What next to protect and promote indigenous knowledge?

19 July 2018
  • Pressure is mounting on a small group of countries in relation to a patent disclosure of origin requirement for genetic resources in the WIPO IGC.
  • Ratifications and accessions continue to accrue to the Nagoya Protocol to the Convention on Biological Diversity, with more than 100 parties (105 total).
  • Several patent landscape studies have provided evidence of issues relating to the grant of erroneous patents, misappropriation and use of traditional knowledge and genetic resources towards patents.


The 36th session of the World Intellectual Property Organization (WIPO) Intergovernmental Committee on Intellectual Property and Genetic Resources, Traditional Knowledge and Folklore (IGC) finished week-long discussions about genetic resources (GRs) on June 29, 2018, preceded by a Group of Experts meeting that considered different options to close existing gaps.

As explained in a recent ICTSD edited book, Protecting Traditional Knowledge, the IGC has followed a familiar pattern which has led to frustrations from many participants, including the indigenous representatives. The consolidated documents have over the past few years gradually narrowed down some of the text, but there remain critical differences of opinion about the modalities for preventing “misappropriations” of genetic resources and traditional knowledge.

On the one hand, a few advanced economies have argued for databases together with due diligence mechanisms to be used to improve patent examination processes. A much larger group of countries have been arguing for a patent disclosure requirement of origin or source of genetic resources. In the latest IGC meeting, pressure has increased on those few countries still resistant to the idea of a patent disclosure requirement.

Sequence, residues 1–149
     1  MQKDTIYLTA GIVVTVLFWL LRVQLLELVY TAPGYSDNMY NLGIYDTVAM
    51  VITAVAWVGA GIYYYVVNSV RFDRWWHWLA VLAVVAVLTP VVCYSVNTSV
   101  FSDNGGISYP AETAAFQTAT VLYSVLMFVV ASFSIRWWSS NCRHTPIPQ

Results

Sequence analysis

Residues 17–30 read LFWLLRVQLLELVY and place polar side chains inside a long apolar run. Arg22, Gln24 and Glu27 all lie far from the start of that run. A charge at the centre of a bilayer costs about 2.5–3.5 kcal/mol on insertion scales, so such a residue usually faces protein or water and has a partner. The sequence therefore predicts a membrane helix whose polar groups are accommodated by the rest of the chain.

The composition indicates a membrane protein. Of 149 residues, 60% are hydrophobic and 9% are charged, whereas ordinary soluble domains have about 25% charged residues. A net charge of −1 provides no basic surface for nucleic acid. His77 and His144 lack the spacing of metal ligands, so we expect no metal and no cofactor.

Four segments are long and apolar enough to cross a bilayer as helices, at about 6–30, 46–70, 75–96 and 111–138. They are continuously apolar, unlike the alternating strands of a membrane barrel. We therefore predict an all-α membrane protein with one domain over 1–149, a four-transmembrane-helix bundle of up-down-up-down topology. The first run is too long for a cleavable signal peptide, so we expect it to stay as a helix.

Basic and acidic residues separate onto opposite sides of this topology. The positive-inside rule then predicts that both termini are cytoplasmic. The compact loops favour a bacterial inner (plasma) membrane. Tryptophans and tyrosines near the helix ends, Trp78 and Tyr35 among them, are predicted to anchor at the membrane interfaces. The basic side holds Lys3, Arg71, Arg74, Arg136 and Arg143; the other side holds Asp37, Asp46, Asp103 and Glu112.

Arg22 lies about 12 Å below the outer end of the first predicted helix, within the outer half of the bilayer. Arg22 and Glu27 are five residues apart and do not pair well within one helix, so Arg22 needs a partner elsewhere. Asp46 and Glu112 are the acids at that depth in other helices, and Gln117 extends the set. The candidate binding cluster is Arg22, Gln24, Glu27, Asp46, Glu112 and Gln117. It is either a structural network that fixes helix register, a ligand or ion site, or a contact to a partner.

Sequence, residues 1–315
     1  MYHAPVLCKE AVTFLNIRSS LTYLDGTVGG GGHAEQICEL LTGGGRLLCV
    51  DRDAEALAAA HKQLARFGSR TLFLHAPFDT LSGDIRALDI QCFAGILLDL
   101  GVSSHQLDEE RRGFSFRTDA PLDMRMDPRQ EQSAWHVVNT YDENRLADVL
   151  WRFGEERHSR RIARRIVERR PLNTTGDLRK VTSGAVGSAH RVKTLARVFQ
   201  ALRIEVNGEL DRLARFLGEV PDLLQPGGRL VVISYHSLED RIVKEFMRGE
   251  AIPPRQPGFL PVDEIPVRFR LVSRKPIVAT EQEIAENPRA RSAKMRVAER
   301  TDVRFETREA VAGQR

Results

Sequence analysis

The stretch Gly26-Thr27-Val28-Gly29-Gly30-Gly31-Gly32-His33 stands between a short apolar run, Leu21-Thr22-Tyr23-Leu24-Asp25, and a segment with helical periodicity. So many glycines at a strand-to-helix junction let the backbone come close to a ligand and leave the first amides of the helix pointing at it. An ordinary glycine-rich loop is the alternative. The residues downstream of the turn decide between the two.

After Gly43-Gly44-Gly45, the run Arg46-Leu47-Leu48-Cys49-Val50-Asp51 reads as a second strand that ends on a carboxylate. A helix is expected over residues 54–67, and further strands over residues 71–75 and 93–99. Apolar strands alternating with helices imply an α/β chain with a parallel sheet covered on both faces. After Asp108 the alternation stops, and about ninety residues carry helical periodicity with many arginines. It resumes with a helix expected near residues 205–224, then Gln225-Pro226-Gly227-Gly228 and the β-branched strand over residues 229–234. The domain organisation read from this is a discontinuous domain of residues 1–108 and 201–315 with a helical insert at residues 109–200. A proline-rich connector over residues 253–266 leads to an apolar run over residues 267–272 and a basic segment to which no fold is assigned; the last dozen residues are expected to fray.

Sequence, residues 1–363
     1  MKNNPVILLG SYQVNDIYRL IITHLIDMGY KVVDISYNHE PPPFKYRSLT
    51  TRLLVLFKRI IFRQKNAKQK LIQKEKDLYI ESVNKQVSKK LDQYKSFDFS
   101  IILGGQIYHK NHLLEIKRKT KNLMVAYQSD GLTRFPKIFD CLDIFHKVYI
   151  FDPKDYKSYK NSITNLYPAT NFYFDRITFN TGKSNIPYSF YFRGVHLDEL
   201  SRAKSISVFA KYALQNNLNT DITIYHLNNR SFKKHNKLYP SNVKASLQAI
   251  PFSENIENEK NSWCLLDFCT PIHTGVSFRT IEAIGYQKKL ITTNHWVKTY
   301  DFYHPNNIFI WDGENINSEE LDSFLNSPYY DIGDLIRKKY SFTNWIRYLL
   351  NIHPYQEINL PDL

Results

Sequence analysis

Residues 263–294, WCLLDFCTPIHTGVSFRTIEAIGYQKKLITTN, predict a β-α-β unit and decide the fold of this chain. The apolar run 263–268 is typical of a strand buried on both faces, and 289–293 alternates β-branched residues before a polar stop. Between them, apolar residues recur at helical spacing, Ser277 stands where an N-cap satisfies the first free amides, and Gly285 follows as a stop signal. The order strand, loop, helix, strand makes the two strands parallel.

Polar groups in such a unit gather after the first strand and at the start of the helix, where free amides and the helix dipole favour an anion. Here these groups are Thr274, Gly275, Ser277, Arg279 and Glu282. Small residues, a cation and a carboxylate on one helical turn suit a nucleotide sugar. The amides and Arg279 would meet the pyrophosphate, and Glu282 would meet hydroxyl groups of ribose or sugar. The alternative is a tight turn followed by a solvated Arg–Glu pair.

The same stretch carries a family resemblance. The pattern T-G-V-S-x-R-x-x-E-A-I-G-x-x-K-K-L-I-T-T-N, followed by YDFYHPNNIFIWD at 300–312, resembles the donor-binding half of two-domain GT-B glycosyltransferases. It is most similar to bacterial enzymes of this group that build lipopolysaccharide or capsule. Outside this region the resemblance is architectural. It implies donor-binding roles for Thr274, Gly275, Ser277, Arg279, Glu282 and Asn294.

There are pros and cons to the drawn-out WIPO IGC process.

It can be argued that multilateralism is under threat, as seen with Brexit, in many of President Trump’s sentiments about the United Nations, and as trade and investment agreements have shifted towards the regional and bilateral. Having a global forum focused on the protection of indigenous knowledge allows for a concentration of ideas and policy, has led to gradual improvements in the patent examination process to help prevent erroneous patents and biopiracy, and has provided for WIPO Indigenous Fellows and invites and supports indigenous attendees through the voluntary fund.

On the other hand, the 36th session saw the Chair highlighting limited funding for this voluntary fund, and the indigenous attendees often highlight that they do not have an equal party at the table – as observers and non-WIPO members – despite the substantive focus of the forum being on their knowledge and cultural expressions.

In addition, indigenous attendees have often queried the merits of discussing legal protections over nature as “genetic resources” and indigenous knowledge in an intellectual property forum, with the concept of intellectual property often at odds with indigenous or customary forms of knowledge and natural resource governance.

In the meantime, the Nagoya Protocol on Access to Genetic Resources and the Fair and Equitable Sharing of Benefits Arising from their Utilization to the Convention on Biological Diversity has created a new impetus for countries to develop regulations relating to genetic resources and associated traditional knowledge, and this has driven some progress at the national level.